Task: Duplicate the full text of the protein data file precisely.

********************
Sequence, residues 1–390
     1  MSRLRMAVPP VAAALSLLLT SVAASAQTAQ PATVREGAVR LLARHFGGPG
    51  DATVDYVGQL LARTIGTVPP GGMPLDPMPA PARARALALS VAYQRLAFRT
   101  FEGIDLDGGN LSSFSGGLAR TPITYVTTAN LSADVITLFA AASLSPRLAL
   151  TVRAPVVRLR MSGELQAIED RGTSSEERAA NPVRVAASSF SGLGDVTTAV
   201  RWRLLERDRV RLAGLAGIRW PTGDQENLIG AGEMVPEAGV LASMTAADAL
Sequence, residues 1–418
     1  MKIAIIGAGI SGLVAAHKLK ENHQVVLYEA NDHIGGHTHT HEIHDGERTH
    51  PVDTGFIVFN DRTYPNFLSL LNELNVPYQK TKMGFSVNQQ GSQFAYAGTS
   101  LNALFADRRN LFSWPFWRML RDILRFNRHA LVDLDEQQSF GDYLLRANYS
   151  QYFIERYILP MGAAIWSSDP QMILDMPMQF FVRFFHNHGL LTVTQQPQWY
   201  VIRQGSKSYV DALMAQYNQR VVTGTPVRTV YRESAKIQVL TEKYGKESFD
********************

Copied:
Sequence, residues 1–390
     1  MSRLRMAVPP VAAALSLLLT SVAASAQTAQ PATVREGAVR LLARHFGGPG
    51  DATVDYVGQL LARTIGTVPP GGMPLDPMPA PARARALALS VAYQRLAFRT
   101  FEGIDLDGGN LSSFSGGLAR TPITYVTTAN LSADVITLFA AASLSPRLAL
   151  TVRAPVVRLR MSGELQAIED RGTSSEERAA NPVRVAASSF SGLGDVTTAV
   201  RWRLLERDRV RLAGLAGIRW PTGDQENLIG AGEMVPEAGV LASMTAADAL
Sequence, residues 1–418
     1  MKIAIIGAGI SGLVAAHKLK ENHQVVLYEA NDHIGGHTHT HEIHDGERTH
    51  PVDTGFIVFN DRTYPNFLSL LNELNVPYQK TKMGFSVNQQ GSQFAYAGTS
   101  LNALFADRRN LFSWPFWRML RDILRFNRHA LVDLDEQQSF GDYLLRANYS
   151  QYFIERYILP MGAAIWSSDP QMILDMPMQF FVRFFHNHGL LTVTQQPQWY
   201  VIRQGSKSYV DALMAQYNQR VVTGTPVRTV YRESAKIQVL TEKYGKESFD